Sunday, 6 May 2007

That mob just wants to be heard

What was more interesting, the reaction of the Digg community or the issue that started it? It may come down to the perspective you take, was this about voice or power? Looking at how this issue in the Web 2.0 space might cross over to the Enterprise 2.0, Mike Gotta tries to address both issues through the middle ground:

"Let's say that management decides a course of action and announces that plan to its workforce. What happens if there literally is a "digital rebellion" of sorts as employees strongly voice opinions that the company should take a different path? Most workplaces are not a democracy and the initial management reaction might be to forcefully shut down (by taking down the application) what is perceived to be "mob rule" - people might be disciplined, told to "just do their job" and so forth...

...You might dismiss the voice-of-the-crowd. But I might suggest that there is still some intrinsic value to transparency and public discourse. In some cases, the crowd may be wrong, technically, but the collective voice may be a signal to management that it failed to adequately address the human capital and softer organizational facets of how the decision impacted its workforce emotionally or in some other quality-of-life aspect. Such lingering sentiment may negatively impact the organization in other ways.

So while many of the stories regarding Digg will focus on the "mob rule" aspect, I believe the real take-away here is that the line between "mob rule" and "collective intelligence" is razor thin and that companies will cross back and forth across that line. The goal is to avoid significant and long-lasting chaos and anarchy. Some degree of ongoing cultural disruption can be a good thing actually."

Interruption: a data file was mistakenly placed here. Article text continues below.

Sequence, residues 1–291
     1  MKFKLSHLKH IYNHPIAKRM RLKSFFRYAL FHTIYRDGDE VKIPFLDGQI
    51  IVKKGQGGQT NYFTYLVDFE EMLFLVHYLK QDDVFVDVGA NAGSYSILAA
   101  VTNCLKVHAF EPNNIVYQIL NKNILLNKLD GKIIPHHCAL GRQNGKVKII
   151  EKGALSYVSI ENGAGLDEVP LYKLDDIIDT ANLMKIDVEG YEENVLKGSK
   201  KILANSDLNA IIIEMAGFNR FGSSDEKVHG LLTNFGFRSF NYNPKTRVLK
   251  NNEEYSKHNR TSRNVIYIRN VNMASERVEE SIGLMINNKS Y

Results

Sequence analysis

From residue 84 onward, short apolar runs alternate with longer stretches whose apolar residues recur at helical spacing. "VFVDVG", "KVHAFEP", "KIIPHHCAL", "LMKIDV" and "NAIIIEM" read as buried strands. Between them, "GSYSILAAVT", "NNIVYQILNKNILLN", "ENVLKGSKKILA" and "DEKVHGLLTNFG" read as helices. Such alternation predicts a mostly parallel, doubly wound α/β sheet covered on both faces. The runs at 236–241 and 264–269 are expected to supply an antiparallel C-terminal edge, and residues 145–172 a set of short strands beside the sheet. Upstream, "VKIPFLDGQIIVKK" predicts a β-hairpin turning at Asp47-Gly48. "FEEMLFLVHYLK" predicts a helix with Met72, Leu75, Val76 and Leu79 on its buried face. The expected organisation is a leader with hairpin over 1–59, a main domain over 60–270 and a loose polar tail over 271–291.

Now consider this quote about communities of practice inside organisations, from Etienne Wenger, in light of what happened and Gotta's point:

"Existing across an organization’s formal structures, communities of practice rarely derive much power directly from positions in formal hierarchies. But communities do not usually seek positional power, with its control over resources and accountability for investments—tasks for which communities are not well suited. They do seek the power of voice, however: the power to be heard, to make a difference, and to have their practice-based perspective matter. In the knowledge economy, the power of voice becomes just as important as the power of position. In an organization where the power of voice is acknowledged, managers would routinely ask: 'Have you checked with your community about this? What was their reaction?' The one time I saw a community really angry was an occasion when its opinion had not been sought. The company had gone ahead with an acquisition in the domain of the community and the acquisition had not turned out well. Members of the community’s core group were furious that their
community had not been consulted. The community, they were certain, could have foreseen the problems. Interestingly, they were not asking for the responsibility to make the final decision. They did not care for the politics associated with such responsibility. But they wanted their voice to be included in the debate.

So was the anger of the Digg community really that surprising? Do organisations really have anything to fear from Enterprise 2.0?

PS Where does this place me on the Web 2.0 beliefometer?

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